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Autism Biomarkers Could Accelerate Treatment and Testing

In collaboration with investigators at Yale, Harvard, UCLA, and the University of Washington, researchers at the Duke Center for Autism are conducting the Autism Biomarkers Consortium for Clinical Trials (ABC-CT), a longitudinal study of school age children with autism funded by the National Institutes of Health (NIH). The study will establish replicable and quantifiable indices, or “biomarkers,” that can be used to track improvements in brain function and attention that are related to clinical improvement in clinical trials.

Before the ABC-CT began, there were no validated biomarkers for use in clinical trials, only standardized but intrinsically subjective clinician and caregiver/self-report measures. The hope is that these biomarkers – which are based on electroencephalographic (EEG) recordings and eye-tracking measures – will make it easier to determine whether a treatment is working and might make it possible to identify those people most likely to benefit from a particular treatment.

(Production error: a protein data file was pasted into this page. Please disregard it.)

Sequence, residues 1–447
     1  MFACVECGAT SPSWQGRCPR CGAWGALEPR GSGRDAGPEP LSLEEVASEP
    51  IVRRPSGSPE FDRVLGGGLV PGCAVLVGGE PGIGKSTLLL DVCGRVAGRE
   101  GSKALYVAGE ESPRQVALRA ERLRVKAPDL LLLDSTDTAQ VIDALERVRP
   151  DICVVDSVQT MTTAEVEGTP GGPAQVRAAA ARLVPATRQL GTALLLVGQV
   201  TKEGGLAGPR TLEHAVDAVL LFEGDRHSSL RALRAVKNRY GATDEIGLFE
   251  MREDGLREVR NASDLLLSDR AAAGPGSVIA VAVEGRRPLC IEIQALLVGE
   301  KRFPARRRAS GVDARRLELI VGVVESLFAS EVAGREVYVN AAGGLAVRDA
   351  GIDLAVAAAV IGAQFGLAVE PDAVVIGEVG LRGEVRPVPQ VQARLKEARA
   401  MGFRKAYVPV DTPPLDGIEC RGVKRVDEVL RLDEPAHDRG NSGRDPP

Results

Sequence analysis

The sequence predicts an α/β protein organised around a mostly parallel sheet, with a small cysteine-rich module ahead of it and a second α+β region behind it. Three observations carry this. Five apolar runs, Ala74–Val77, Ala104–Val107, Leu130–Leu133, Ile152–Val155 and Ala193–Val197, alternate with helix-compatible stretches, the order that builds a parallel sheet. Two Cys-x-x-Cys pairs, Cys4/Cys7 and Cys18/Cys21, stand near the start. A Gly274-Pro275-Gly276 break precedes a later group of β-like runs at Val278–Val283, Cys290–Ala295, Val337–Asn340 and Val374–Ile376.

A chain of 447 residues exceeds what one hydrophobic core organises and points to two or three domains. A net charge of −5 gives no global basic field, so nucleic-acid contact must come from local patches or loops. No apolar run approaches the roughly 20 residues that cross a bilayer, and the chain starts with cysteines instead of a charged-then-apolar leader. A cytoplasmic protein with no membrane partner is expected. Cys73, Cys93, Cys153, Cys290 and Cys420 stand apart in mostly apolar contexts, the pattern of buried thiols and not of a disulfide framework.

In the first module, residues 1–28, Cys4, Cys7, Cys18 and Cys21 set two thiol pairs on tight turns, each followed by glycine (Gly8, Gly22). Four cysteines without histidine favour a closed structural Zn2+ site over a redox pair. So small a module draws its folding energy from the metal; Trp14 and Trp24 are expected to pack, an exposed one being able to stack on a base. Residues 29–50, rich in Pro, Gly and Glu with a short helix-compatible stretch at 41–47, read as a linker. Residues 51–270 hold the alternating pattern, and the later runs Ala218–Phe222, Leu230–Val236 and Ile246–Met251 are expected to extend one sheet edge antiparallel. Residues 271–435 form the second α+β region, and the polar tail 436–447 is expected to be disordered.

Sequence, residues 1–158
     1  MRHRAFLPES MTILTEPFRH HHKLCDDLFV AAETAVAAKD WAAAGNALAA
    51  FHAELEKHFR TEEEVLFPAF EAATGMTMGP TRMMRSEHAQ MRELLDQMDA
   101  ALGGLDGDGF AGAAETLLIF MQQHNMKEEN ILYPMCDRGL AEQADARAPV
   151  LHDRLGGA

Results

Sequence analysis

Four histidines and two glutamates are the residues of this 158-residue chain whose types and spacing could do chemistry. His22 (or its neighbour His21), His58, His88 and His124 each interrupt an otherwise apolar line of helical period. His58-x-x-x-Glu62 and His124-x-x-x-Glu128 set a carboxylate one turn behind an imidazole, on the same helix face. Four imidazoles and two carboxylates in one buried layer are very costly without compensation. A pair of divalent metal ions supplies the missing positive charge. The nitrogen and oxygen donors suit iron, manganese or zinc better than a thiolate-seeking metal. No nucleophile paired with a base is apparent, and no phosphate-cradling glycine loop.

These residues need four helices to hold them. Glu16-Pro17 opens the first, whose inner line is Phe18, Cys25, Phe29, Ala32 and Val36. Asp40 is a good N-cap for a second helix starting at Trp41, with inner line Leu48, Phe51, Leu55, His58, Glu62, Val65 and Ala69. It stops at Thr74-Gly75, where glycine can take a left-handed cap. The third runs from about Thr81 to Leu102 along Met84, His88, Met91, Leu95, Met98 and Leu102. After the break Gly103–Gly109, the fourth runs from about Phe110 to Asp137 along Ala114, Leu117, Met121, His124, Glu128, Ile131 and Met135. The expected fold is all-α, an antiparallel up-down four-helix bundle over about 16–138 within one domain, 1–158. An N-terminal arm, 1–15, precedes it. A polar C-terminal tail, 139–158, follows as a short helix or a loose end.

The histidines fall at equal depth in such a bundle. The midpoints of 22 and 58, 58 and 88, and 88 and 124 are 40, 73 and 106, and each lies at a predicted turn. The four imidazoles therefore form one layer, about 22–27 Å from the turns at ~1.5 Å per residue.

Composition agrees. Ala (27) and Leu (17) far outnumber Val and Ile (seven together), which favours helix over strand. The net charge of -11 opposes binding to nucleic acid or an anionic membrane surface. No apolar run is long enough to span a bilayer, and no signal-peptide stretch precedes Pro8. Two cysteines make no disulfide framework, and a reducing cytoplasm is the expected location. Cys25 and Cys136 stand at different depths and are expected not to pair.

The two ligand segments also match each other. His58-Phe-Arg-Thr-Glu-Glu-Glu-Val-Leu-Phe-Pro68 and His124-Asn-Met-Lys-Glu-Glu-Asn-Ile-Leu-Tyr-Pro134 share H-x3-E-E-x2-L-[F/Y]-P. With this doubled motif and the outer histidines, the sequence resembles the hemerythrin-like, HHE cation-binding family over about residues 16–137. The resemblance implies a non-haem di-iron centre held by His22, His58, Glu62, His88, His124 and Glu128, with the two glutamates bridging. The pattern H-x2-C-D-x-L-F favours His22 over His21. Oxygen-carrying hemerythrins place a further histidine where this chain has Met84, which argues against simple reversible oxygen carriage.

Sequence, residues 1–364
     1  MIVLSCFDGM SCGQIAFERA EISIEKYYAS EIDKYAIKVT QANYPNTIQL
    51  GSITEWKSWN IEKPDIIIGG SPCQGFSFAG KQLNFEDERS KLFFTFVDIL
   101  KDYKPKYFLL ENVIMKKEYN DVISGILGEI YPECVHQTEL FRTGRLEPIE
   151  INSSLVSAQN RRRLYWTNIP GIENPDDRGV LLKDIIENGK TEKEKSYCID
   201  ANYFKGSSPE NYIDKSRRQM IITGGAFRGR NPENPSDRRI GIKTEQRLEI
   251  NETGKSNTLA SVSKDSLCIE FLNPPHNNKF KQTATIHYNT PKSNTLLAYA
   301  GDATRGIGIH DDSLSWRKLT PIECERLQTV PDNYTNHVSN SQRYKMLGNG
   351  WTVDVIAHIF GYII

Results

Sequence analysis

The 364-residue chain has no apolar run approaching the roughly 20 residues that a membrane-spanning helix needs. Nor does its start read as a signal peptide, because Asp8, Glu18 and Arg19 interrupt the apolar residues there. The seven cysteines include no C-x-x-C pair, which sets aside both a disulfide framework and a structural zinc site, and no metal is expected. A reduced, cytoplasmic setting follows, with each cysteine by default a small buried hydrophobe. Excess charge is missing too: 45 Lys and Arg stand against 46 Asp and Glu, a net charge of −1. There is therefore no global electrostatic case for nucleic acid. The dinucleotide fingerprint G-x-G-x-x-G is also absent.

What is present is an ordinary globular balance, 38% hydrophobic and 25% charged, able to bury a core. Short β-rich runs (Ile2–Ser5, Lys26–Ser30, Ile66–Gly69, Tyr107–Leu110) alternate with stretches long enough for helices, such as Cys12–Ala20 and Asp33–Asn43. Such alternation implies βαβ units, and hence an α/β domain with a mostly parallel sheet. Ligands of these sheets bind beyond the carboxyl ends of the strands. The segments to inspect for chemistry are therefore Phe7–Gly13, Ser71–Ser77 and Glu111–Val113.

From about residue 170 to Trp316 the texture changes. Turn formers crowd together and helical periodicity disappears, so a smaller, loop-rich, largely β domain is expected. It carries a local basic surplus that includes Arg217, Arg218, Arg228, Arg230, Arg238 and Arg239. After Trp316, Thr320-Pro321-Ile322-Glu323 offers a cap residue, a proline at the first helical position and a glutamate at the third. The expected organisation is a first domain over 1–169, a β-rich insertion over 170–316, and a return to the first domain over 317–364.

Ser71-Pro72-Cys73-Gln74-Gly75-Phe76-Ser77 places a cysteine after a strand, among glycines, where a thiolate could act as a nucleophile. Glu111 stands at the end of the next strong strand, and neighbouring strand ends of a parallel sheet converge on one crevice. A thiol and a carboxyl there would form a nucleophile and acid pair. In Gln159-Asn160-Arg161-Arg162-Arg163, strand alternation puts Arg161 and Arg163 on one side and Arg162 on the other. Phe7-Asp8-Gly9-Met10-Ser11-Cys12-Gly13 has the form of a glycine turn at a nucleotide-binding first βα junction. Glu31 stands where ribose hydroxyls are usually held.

“This is important research because we know that one type of treatment doesn’t help all people with autism,” explained Geraldine Dawson, Ph.D., director of the Duke Center for Autism. “We think we can accelerate development and testing of more effective treatments for autism once we have identified valid biomarkers.

The hope is that biomarkers – which are based on electroencephalographic (EEG) recordings and eye-tracking measures – will make it easier to determine whether a treatment is working. EEG can measure how the different parts of the brain are connected and coordinated to perform complex functions.

After five years of research, we were extremely pleased that an EEG signature validated by the consortium was accepted into the FDA’s Biomarker Qualification Program in May 2019 and an eye tracking measure was accepted in March 2020.

The EEG measure is the first psychiatric biomarker accepted in the FDA Biomarker Qualification Program. Building on the success of the first five years, the ABC-CT was renewed for another five years of NIH funding. This newly-funded research will follow the original sample of children as they enter teenage years and recruit a new group of preschool age children with autism to study biomarkers in this young sample. All of the information gained and data collected will be available in a research repository to be used by academic and industry researchers conducting autism clinical trials.